Link: PRLeap.com Carnet Travel Release

The Fallout From Louis Vuitton v. Canal Street Landlords

The fight is over. ICSC reports that Louis Vuitton's suit against Canal Street landlord Richard E. Carroll has resulted in a judgment where Carroll must post signs indicating the sale and purchase of counterfeit goods is illegal.

Louis Vuitton is moving fast against all kinds of piracy. The Sydney Morning Herald reports that LVMH shut down a house party where the hostess Jacqueline Sharon Feilich intended to sell fake luxury handbags.

Whether you're dealing with music or handbags, the counterfeit police are increasingly going down the foodchain to discourage piracy wherever it exists. Perhaps soon we'll be talking about the Long Tail of counterfeiting.

26 Million Text Messages Can't Be Wrong

ReutersReuters reports over 26.4 million people sent text messages in support of Live 8, a worldwide campaign to cancel the debt of the world's poorest countries. The event obliterated the previous record of 5.8 million text messages set by an episode of American Idol.

Irish singer Bob Geldof and U2 frontman Bono have found support from World Bank president Paul Wolfowitz for the measure. The BBC reports finance ministers from the world's richest countries, grouped together in the G-8, agreed Saturday to cancel US$40 billion (euro33 billion) worth of debt owed by 18 of the world's poorest nations, most of them in Africa. Much of the canceled debt was owed to international institutions such as the World Bank.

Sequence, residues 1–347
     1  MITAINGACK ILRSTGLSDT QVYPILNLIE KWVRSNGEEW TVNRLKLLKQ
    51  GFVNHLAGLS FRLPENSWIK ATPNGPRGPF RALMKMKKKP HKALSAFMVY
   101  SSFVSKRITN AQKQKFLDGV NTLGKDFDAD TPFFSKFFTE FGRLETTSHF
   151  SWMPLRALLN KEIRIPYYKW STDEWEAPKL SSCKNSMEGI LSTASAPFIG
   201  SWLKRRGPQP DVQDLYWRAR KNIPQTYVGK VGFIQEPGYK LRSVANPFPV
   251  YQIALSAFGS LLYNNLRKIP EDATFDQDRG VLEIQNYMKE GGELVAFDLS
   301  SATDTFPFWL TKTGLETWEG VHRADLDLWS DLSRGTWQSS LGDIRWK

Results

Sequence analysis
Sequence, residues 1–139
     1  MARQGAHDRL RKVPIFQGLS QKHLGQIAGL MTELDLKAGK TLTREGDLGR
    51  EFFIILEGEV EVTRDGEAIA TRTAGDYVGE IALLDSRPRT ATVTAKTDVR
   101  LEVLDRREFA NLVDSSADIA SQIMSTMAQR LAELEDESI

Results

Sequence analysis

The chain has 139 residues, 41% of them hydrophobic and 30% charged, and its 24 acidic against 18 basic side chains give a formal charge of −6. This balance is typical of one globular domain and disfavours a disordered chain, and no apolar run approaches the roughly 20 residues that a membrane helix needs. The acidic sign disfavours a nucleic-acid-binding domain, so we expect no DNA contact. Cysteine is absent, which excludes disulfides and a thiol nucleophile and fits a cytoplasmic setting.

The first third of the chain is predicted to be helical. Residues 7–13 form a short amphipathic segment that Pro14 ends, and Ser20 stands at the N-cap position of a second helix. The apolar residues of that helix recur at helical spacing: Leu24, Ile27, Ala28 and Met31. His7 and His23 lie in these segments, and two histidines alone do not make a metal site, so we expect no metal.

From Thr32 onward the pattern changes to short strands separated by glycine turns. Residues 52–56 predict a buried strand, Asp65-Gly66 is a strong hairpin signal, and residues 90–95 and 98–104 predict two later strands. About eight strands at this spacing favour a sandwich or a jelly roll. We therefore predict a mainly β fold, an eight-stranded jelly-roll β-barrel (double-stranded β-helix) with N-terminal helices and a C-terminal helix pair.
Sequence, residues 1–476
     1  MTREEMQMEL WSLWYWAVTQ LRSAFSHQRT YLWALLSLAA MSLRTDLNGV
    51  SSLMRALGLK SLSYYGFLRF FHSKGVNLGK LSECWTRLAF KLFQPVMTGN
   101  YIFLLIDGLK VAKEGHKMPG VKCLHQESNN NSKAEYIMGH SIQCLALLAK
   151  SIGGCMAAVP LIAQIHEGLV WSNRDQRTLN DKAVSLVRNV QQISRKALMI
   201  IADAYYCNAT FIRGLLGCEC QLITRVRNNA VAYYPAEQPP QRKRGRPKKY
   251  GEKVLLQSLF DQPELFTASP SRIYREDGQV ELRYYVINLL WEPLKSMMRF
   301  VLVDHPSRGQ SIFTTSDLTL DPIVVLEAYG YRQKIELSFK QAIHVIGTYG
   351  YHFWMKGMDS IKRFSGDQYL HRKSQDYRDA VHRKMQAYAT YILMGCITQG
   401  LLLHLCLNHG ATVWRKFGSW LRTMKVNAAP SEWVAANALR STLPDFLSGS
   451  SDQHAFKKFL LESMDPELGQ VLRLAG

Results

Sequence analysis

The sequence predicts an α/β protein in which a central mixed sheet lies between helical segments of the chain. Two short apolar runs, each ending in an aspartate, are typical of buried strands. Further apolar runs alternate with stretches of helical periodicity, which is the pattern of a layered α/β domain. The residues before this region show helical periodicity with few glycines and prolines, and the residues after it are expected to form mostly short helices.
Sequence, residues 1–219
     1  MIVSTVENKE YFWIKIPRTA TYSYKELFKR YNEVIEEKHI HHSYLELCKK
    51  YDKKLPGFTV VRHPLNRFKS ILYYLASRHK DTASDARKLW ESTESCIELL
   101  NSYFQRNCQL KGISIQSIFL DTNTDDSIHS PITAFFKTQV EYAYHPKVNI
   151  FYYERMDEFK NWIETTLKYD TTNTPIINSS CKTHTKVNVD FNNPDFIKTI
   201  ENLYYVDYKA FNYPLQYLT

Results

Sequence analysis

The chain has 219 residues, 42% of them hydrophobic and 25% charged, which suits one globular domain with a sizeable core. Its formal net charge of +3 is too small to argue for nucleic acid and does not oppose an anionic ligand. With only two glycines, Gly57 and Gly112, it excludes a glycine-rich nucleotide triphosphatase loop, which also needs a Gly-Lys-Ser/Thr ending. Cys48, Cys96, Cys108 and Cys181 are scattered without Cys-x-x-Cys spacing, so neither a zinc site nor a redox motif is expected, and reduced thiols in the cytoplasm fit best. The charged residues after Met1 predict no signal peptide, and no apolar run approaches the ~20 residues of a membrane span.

At the same time, AOL.com also claimed a world record, saying that more than 5 million logged on globally to watch streamed video of the concerts, making it the biggest streaming event ever.

Kristof: The Economics of Thievery

Nicholas Kristof writes how the introduction of the LoJack - a hidden radio transmitter that turns on if the vehicle is stolen - has reduced crime, not only for those who purchase the device, but for all automobile owners (registration required).

The invisible device turns automobile theft into a game of Roulette - you may get lucky a few times, but miss just once and you get caught. As a result, he writes, auto theft is down 50 percent in Boston.

In the meantime, companies like PartyGaming.com openly mock American laws, while other scofflaws like Borders create legal structures either domestically or in remote tax havens to escape tax consequences.

Cities must become more creative in how they set up incentives, not just to attract businesses, but also to stop the flight of tax revenue. Today, local tax collectors spend a disproportionate amount of time tracking small to medium sized businesses, and shrug their shoulders when confronting the real culprits.